Being in the military, I’m lucky enough to work with people from all over the country who have a wide range of backgrounds. Most career fields are small enough that even as people transfer from base to base, the longer you stay in and progress through the ranks, the more people you know and work with. One of my coworkers who I had known from a previous base has parents who own a ranch resort deep in the Rockies, and because I had known him for years, he was able to put in a good word for me. Despite the ranch still being closed for the season, his parents were going to let me spend the night in one of their cabins. Unfortunately, throughout the day before I kept hearing reports of a snowstorm that would be pushing through the area over night. Not wanting to be trapped in, I chose to change my plans and sent the ranch an email to say I wouldn’t be coming.
I climbed higher as I passed into the forest and saw another national park sign, one for the San Juan National Forest. The sign had a vintage look, a classic 60’s design. I hadn’t noticed it with any of the other unknown numbers of park signs I had seen since leaving home, but maybe the events of the previous day had affected me. The National Park system, in the way that we know it today, was created in the 50’s/60’s. As was the interstate highway network. And the airline industry. And nearly every aspect of our “modern” civilization. Then I realized that, unlike the generations before, the only thing my generation can give to society is the Internet. But we’re still physical beings living in a physical world, and no amount of digital interaction can replace that.
The altimeter on my GPS kept ticking higher and at a scenic pull off I stopped to look at a waterfall. After a couple moment’s rest, I straddled the bike once more. In the distance, high up on the side of a mountain, I saw what looked like a semi-truck parked on an overlook and I wondered what road that was. I set off and a few miles later, as I passed another crazy cyclist, the road switched back on itself and quickly climbed even higher until it reached the overlook that truck was at. I didn’t stop, instead continuing on.
I had been at 9000 feet at other points on the trip, but only barely. Now, I watched as the GPS reached 9500 feet, 9600, 97, and kept going higher. Then the altimeter display blanked out on me. Apparently the GPS couldn’t display altitudes above 10,000 feet. But then again, why would it? How often do people reach this elevation? This was the altitude where airplanes turned off the seatbelt light to allow movement through the cabin. Still, for a top-of-the-line Garmin device designed to do everything, I had expected more. In my head, I tried to do the math to figure out how much air the bike’s 865cc engine was consuming, but I quickly realized I didn’t know the formulas for it.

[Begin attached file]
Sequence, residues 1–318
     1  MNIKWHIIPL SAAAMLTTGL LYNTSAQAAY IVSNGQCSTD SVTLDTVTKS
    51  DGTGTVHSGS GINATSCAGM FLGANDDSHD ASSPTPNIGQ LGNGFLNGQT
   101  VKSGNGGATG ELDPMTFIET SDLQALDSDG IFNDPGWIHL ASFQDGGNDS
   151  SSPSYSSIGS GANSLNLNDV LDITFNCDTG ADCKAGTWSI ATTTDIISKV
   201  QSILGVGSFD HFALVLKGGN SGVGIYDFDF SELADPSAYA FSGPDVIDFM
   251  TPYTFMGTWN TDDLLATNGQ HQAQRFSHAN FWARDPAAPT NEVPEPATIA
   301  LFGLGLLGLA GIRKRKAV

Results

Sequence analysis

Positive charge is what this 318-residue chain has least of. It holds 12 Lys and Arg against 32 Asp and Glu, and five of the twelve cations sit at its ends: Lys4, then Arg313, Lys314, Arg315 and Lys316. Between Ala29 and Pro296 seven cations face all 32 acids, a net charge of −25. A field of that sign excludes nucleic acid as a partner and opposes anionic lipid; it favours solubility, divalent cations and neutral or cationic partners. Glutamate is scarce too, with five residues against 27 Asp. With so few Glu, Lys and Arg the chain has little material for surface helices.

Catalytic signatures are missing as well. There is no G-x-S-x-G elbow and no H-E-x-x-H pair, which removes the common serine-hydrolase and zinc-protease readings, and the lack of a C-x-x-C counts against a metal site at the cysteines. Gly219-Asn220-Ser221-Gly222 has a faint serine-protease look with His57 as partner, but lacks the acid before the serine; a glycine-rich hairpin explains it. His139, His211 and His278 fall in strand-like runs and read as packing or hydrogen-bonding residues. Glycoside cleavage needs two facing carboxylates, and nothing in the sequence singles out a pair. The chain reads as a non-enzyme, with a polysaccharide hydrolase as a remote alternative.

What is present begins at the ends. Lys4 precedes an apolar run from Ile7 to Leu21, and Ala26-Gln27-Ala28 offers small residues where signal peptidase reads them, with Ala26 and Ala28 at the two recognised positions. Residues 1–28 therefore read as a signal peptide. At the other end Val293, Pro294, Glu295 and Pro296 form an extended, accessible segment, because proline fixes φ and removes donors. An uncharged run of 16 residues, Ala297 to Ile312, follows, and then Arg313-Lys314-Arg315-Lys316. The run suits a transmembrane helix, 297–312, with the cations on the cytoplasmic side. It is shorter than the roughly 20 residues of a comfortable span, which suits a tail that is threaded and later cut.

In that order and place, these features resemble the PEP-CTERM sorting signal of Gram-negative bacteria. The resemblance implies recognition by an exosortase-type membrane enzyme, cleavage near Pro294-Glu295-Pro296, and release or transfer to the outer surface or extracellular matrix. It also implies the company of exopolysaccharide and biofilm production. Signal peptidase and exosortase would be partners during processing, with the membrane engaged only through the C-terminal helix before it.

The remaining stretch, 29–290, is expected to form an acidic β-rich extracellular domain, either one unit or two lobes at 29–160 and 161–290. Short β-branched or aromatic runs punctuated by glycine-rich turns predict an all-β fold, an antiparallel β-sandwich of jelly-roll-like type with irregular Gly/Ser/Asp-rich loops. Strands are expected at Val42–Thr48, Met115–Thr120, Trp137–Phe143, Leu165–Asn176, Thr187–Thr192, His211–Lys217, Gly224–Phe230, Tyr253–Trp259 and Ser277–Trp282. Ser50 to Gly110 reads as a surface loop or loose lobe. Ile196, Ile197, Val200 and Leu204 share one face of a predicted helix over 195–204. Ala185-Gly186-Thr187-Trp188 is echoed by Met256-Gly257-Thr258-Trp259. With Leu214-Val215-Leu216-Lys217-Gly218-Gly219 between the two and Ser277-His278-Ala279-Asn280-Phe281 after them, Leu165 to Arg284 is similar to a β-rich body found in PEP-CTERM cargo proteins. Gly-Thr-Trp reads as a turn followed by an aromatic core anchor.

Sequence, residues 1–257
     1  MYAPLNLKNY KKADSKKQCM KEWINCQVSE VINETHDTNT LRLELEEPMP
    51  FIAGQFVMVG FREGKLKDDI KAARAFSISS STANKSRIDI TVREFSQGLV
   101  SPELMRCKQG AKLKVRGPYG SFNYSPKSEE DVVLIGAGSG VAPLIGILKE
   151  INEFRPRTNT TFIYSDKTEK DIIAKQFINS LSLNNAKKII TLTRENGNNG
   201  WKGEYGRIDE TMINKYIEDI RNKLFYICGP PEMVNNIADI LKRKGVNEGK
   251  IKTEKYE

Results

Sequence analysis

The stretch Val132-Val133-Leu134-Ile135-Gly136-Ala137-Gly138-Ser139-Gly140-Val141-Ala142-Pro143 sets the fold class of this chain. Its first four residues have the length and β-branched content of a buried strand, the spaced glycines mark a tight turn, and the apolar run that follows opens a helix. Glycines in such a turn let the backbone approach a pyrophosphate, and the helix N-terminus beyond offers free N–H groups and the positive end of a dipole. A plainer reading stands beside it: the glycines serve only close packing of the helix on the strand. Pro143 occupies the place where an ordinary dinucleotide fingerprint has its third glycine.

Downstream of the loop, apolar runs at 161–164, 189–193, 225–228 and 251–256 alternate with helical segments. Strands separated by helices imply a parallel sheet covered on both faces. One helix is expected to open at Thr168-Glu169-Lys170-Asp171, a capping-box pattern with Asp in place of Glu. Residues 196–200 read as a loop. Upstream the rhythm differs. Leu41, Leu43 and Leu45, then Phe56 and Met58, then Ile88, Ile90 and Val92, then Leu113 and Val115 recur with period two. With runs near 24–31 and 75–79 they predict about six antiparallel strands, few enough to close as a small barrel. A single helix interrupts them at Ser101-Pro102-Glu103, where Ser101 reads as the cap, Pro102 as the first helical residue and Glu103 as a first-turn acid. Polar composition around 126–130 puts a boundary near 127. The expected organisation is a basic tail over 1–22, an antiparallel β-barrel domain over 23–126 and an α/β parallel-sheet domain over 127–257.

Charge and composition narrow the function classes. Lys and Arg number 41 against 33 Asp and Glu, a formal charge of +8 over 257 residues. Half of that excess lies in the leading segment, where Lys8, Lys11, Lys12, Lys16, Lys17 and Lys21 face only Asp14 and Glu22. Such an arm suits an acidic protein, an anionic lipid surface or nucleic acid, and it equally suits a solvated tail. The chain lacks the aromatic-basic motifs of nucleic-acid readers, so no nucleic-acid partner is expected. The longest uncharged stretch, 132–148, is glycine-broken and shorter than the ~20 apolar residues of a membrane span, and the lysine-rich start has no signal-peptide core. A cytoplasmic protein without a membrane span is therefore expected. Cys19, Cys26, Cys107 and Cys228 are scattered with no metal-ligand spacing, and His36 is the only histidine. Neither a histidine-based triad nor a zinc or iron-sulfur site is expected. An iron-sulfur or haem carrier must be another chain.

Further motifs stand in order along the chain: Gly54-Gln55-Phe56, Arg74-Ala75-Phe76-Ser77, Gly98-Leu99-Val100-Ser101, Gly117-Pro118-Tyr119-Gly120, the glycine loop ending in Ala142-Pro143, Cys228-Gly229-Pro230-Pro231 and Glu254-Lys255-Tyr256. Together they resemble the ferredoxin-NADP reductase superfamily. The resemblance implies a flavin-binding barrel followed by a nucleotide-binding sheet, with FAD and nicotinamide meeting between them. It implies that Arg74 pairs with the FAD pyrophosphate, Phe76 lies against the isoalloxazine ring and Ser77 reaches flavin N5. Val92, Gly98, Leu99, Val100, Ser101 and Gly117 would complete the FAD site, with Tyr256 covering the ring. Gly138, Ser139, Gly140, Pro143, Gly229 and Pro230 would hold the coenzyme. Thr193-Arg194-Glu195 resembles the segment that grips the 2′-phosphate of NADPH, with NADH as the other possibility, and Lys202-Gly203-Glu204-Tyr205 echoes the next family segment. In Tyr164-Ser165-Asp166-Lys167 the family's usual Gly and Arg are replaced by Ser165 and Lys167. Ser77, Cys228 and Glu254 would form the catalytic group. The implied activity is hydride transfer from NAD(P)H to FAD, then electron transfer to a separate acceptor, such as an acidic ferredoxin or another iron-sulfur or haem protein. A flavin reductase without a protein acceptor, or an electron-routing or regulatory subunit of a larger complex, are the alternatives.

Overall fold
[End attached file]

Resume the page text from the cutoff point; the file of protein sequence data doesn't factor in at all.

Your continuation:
Several miles later, I fell below the magic elevation, and continued my descent. At some point, I realized I could focus a little better than I had before. Having been to Air Force altitude chambers several times in my career, I realized I had experienced a bit of hypoxia. But my training had been at 25,000 feet, where the symptoms are more pronounced and appear faster. At roughly 11,000 feet it was a lot harder to discern.
I came down into a flat plain and the road, now free of the mountains, straightened as it went north. A layer of clouds moved slowly overhead, growing darker as I rode on, and I could see rain falling in sheets to the northeast. I adjusted the view on my GPS to look further ahead on my route. I’d be making a turn towards the storm in a few miles, and I wondered if I’d be rained on. Since shipping my camping gear home, my cooler had become a place for souvenirs and other miscellaneous things. While claiming to keep ice for 24 hours on a hundred degree day it wasn’t waterproof, and there was now something I had bought that I didn’t want wet. I took my chances, constantly comparing the route with what I could see of the rain, and somehow I managed to skirt around the edge of the shower without a drop landing on me.
As I made my way into Colorado Springs, the sky to the west was dark with rain, and I was glad I had made the choice to spend the night at a lower altitude and in a more accessible area. Both of which meant the odds of ice on the morning’s roads would be low. I followed the signs to the Air Force Academy, and as I presented my ID card to the guard at the gate, he asked what the orange device with blinking lights strapped to my chest was. Confused for a moment, I realized he meant my Spot tracker and told him it was a GPS locator beacon. “It looked suspicious, with the wires coming from it” he said before clearing me through. I put the bike in gear and drove off, before adjusting my mirror to look at the Spot. The charging cable for my helmet cam had gotten wrapped around the device. I laughed. Suspicious indeed.
I checked into the inn, offloaded the bike, and finally made my way to the base’s Burger King. I placed my order, and sat down with my food. There was a group of cadets a couple of tables over, and I couldn’t stop thinking about how young they looked. But then I realized they were young, somewhere between 18 and 22, and kids like this would be my peer group while in pilot training. If the Air Force would ever give me orders, that is. After nearly 6 months without word on a future class date, a part of me felt like being here at the Academy now would be the closest I’d ever get to a commissioning program. I headed back to the room, suddenly depressed.